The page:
The top photo shows Leylah Fernandez from Canada. That’s Angelique Kerber of Germany in the bottom one. They’re both professional tennis players.
Before I reveal my tennis fandom, however, I’d like to return to the days of yesteryear and my passion for golf. I could glue myself to the TV set with the best of them, and the object of my adoration was Mike Weir, a Canadian professional golfer. Mike stood 5 feet 9 inches and was a masterful shotmaker. Speaking of which, he won the Masters tournament in April, 2003, an event that many people consider to be the most important in men’s golf.
Even before the Masters, I lived and died with every tee shot, praying that it would find the fairway, not the rough. I’d watch Mike’s long irons soar towards the green, groaning if the ball flight seemed to be veering far away from the pin. I held my breath as a long putt slid towards the hole. Would the curves of the green take it to the bottom of the cup, or would the ball lip out? I was a fanatic.
As I look back on my marriage with Jody, I feel remorse about a few things I did. One of my most vivid pains comes from a vacation we had in Montreal in August, 2003. On the final day of the PGA tournament, Jody wanted to go exploring. I wanted to see Mike play in the last group. I won. Through a mean display of willpower, I cajoled my wife to hang around the hotel while I lived and breathed Mike Weir. (Sigh)
“What happened to tennis?” you ask. Two years ago, Bianca Andreescu came into my TV life. Essentially, change the details of the sport, insert “Bianca” for “Mike”, and you have the story. My fanaticism included the purchase of a red t-shirt online, honouring my heroine: “She The North”. Sadly, Bianca’s been injured for more than a year, so I had to find a new shining light. Enter Leylah Fernandez, an 18-year-old Montrealer. It was easy to transfer my fervour to her matches on TV.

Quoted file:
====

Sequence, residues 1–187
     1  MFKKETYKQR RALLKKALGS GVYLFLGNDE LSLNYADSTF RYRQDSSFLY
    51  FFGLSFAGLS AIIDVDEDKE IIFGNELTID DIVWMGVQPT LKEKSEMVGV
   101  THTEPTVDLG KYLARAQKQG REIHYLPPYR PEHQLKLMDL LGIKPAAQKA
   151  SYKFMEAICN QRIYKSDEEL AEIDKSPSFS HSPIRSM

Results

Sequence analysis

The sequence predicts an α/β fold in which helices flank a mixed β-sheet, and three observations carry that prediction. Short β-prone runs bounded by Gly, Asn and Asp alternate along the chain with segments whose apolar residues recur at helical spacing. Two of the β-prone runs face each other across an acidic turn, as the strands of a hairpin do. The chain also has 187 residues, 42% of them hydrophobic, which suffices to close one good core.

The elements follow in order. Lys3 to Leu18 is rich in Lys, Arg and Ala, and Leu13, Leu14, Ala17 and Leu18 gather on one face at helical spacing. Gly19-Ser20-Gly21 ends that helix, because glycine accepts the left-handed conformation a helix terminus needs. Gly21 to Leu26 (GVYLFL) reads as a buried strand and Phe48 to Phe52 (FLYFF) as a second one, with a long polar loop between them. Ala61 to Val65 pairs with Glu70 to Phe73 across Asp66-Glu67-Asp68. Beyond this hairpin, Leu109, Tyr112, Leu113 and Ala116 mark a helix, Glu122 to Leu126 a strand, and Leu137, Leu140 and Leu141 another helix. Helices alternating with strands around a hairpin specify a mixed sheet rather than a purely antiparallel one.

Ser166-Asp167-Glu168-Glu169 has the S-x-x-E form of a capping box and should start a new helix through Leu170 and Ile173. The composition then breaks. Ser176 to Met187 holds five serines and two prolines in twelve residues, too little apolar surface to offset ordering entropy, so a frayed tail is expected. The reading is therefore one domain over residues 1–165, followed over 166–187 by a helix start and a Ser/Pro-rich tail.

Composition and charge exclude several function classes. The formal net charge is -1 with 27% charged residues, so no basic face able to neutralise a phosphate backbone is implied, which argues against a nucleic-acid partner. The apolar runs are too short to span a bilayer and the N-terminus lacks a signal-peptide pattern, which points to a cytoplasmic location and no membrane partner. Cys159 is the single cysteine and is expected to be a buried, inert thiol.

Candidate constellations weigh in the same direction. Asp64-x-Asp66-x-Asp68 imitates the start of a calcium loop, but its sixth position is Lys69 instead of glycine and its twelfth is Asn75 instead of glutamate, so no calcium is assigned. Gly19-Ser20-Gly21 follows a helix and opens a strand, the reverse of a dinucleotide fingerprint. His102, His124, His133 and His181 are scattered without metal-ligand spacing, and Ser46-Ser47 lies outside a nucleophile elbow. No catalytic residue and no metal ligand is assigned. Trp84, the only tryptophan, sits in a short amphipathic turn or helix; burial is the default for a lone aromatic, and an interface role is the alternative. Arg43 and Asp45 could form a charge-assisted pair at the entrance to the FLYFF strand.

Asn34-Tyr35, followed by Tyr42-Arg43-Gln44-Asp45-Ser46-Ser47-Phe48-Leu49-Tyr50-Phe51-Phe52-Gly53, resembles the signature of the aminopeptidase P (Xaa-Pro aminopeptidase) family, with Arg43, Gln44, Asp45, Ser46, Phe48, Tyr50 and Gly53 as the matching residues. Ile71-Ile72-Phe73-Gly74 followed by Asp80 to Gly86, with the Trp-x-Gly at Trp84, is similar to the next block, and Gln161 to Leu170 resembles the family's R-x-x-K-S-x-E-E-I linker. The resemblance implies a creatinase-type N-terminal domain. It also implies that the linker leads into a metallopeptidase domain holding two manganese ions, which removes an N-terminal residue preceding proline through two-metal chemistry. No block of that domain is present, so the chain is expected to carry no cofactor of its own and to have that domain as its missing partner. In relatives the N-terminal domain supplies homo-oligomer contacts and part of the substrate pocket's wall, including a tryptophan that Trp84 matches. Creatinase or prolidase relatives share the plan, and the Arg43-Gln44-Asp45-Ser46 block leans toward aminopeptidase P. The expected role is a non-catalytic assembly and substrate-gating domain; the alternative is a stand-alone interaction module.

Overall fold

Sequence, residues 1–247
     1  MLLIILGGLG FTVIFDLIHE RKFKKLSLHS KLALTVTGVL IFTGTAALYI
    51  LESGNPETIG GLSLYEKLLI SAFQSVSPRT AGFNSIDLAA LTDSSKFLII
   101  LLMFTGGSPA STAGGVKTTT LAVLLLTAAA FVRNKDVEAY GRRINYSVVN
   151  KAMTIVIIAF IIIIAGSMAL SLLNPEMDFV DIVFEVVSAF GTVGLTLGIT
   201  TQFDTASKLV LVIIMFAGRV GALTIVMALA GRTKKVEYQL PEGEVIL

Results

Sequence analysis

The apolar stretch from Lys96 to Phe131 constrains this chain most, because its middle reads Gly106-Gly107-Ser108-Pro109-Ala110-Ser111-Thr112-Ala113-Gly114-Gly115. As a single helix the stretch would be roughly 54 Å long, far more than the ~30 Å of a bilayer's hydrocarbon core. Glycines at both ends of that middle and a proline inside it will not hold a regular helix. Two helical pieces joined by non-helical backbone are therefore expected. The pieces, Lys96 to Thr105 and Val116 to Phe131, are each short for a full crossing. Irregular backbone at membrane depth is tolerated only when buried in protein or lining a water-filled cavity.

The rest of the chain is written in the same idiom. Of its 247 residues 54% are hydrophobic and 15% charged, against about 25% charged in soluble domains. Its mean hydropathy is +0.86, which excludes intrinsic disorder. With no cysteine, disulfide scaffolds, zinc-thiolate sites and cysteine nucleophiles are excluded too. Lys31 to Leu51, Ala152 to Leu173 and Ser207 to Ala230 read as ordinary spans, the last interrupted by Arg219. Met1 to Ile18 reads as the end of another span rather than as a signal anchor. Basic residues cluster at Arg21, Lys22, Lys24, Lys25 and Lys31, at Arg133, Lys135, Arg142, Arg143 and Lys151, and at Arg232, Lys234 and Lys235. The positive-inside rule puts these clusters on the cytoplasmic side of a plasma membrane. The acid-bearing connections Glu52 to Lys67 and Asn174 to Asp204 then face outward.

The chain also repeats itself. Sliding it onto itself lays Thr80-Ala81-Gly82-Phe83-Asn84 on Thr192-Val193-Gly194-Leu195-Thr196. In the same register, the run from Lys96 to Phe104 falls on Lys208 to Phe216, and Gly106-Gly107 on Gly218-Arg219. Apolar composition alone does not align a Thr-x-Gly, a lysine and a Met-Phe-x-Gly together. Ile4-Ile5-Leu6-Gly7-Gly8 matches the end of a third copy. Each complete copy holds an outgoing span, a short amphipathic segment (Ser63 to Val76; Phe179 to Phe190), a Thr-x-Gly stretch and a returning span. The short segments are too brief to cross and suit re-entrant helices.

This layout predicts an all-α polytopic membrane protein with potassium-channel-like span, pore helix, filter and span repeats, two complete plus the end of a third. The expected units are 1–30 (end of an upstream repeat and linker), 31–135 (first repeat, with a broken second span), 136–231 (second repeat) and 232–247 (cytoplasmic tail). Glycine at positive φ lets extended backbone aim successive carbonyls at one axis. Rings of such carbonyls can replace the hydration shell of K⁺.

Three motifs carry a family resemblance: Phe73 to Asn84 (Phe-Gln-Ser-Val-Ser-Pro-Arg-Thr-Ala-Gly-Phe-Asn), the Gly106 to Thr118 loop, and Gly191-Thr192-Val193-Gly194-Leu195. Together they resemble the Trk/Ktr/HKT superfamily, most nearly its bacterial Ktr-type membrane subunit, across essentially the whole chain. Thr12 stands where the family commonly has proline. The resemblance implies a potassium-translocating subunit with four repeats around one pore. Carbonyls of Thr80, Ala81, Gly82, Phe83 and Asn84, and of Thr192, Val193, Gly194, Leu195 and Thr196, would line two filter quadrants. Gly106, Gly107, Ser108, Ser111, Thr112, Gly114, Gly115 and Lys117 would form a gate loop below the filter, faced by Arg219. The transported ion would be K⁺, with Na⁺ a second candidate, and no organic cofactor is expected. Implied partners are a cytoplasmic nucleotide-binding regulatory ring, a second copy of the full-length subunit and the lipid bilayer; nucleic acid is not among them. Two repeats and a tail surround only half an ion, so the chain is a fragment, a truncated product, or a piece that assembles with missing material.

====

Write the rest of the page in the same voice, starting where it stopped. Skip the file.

A few months ago, I looked in the mirror and saw some things:
1. I need heroes
2. I cheer for you if you’re Canadian
3. I cheer for you if you’re young and therefore an underdog
4. I cheer for you if you seem to be a nice person
5. I cheer against you if you seem to be a mean person
So I cheer for Leylah. But what about point number five? During one tournament, Bianca was playing Angelique Kerber, a pro who’s been near the top of the game for years. Bianca had one or two medical timeouts to deal with an emerging injury. At the end of the match, which Bianca won, the two players approached the net. Angelique told Bianca “You’re the biggest drama queen ever.” That was it for me and Angelique. I’d always want her to lose.
Fast forward to yesterday. “What’s happening, Bruce?” Leylah’s match against Maria Sakkari from Greece was about to begin. But my head was spinning. I looked at Leylah on the screen, and yes, I wanted her to win … but it was no big deal. I was loving Leylah, but not in the sense that if she does what I want her to do (win), I’ll be happy. My love was vaster. I simply wanted her to be happy. And wonder of wonders, I wanted Maria to be happy. I wanted both of them to make great shots. I wanted long rallies. I wanted the back-and-forth adventure of three sets, ending in a tiebreak. I wanted to hear “Match Point” for one player and then the other. I didn’t care who won. And I felt immense sadness when Leylah played poorly, and Maria dominated the match.
I’m sitting here a day later … stunned. Where did my partisanship go? I still love it when Canadians excel on the world stage but there isn’t a need there. How did this shift happen? I certainly didn’t grit my teeth and start willing a new attitude. I didn’t do anything. But here I sit, enamoured of tennis, of each player giving her all, of each one pushing the other past supposed limits, of each one being happy. It feels good.
Tonight Angelique Kerber plays Maria Sakkari. I’ll be there with a smile. May the match be epic.